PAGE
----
I think that losing games is overall more important than winning games.
Sure, winning games gives you a good sense of self achievement, and I higher standing in the league, but that’s it. Whenever you lose a game, or mess up anything in general, you think about what went wrong to make that happen, and that always makes you think about what you specifically went wrong, which is the most important part of getting better at something; learning from your mistakes.
That logic has since carried over to academics; such as thinking about why I got a low grade on a project, and what can I do to get a better grade on similar projects or tests.
After a few more years with Fairmount, it had come to the time when they no longer had teams for my age group, and I joined Palumbo soccer.
Around the time when I was starting kindergarten, he took me to a small soccer event for toddlers organized by Fairmount soccer.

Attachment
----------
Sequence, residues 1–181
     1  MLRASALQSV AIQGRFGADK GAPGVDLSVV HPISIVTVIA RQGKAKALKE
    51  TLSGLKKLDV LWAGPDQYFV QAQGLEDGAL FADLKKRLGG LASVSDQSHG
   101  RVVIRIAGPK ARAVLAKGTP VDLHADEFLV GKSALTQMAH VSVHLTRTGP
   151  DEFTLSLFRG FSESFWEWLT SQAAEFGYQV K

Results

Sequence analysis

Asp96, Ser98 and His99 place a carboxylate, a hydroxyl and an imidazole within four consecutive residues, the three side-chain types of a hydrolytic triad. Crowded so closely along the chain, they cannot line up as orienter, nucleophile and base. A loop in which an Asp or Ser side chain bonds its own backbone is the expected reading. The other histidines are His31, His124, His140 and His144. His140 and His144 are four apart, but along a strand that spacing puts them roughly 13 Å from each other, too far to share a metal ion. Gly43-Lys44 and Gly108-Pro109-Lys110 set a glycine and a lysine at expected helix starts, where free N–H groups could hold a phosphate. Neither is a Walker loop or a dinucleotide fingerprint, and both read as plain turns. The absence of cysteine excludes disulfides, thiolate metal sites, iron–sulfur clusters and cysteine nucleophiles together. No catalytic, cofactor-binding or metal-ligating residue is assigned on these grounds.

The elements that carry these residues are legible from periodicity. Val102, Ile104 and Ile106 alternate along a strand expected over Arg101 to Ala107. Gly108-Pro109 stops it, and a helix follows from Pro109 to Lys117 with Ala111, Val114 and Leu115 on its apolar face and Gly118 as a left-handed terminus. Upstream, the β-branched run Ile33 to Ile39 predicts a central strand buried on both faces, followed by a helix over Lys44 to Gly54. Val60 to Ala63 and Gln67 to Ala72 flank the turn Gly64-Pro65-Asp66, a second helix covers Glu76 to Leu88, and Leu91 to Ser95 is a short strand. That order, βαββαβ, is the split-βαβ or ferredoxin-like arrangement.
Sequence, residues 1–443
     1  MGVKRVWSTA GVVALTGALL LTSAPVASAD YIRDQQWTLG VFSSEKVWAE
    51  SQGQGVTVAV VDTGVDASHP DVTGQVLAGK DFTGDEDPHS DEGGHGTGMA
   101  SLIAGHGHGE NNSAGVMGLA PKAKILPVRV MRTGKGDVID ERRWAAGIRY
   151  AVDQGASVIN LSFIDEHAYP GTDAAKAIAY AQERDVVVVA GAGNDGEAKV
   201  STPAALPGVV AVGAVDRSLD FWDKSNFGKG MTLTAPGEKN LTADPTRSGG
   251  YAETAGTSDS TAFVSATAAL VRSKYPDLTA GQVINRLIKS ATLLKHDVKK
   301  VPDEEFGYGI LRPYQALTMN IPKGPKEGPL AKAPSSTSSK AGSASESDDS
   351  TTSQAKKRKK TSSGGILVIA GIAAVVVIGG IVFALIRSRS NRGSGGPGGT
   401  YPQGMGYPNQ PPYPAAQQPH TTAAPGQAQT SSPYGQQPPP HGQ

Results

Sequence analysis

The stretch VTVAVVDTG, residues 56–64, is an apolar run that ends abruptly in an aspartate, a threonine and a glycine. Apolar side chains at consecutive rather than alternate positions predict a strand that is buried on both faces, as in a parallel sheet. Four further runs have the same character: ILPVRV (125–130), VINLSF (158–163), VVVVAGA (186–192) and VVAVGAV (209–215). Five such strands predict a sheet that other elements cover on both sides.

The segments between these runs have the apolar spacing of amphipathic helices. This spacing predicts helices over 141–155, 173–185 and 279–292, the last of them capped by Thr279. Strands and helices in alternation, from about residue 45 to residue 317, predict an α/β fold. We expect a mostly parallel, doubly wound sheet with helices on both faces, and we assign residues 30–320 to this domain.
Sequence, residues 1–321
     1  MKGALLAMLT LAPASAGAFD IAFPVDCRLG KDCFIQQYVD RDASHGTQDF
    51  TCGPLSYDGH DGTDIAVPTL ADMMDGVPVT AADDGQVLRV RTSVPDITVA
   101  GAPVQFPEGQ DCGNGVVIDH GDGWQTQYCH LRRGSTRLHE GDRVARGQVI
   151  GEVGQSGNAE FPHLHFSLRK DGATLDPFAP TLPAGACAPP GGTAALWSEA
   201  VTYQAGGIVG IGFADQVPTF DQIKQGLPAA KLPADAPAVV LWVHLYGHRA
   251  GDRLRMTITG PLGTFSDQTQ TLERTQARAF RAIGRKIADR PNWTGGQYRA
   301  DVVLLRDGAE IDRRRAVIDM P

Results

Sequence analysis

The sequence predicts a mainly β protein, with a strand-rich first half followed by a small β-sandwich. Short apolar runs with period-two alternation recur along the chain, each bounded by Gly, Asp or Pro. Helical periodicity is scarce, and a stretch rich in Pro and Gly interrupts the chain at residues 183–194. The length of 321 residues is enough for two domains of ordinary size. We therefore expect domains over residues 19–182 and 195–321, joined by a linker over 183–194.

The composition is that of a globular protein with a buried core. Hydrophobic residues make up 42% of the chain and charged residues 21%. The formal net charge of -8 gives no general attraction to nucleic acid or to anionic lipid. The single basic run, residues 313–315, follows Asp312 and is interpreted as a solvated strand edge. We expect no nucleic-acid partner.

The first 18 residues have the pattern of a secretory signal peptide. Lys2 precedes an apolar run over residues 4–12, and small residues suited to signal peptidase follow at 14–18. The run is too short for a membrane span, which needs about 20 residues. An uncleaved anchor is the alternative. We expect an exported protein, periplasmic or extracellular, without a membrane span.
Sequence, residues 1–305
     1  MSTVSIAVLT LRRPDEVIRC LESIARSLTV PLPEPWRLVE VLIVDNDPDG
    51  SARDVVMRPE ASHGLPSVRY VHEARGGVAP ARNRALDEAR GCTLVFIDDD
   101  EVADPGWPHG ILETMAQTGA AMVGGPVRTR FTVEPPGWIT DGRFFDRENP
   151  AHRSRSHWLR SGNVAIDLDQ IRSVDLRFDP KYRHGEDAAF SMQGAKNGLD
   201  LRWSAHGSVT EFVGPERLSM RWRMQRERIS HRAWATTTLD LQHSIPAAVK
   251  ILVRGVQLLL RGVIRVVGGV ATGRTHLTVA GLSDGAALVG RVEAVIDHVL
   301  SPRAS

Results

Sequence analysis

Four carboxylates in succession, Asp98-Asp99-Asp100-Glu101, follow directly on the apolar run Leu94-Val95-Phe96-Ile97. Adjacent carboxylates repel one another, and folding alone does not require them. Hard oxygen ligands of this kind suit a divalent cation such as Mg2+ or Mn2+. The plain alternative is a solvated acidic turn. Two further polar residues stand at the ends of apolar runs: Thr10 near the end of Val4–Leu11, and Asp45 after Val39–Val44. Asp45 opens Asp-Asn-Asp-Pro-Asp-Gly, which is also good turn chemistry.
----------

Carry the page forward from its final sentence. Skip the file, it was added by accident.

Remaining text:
I had seemed to enjoy the sport of soccer, so my dad put me on a team with Fairmount soccer.It was really fun for me, I could walk to the practices and games, and I played with all the other kids in my neighborhood.For the first few weeks of one season, I remember having a lot of trouble hitting the ball.Not about how to pass, dribble or shoot, but when to pass, dribble, or shoot and why.I learned all about positioning and various other strategic maneuvers, and games became less about which team had the best players that could dribble the ball around the defence and score, and more about which team was the best at playing with each other.I was always striking out during games, even though during practices I would be getting extra help from the coaches on my swing.The 5th game of that season, I went up to bat in a really close game.Education begins at a younger age than you might think, and it doesn’t always come from school.My dad would throw me baseballs to hit with a little plastic bat when I was just a few years old.Playing with this team I acquired more of a team mentality.Through playing as a team, I got much better at working as part of a group, a skill that has been immensely helpful in my life, and will doubtlessly be helpful for the rest of my life.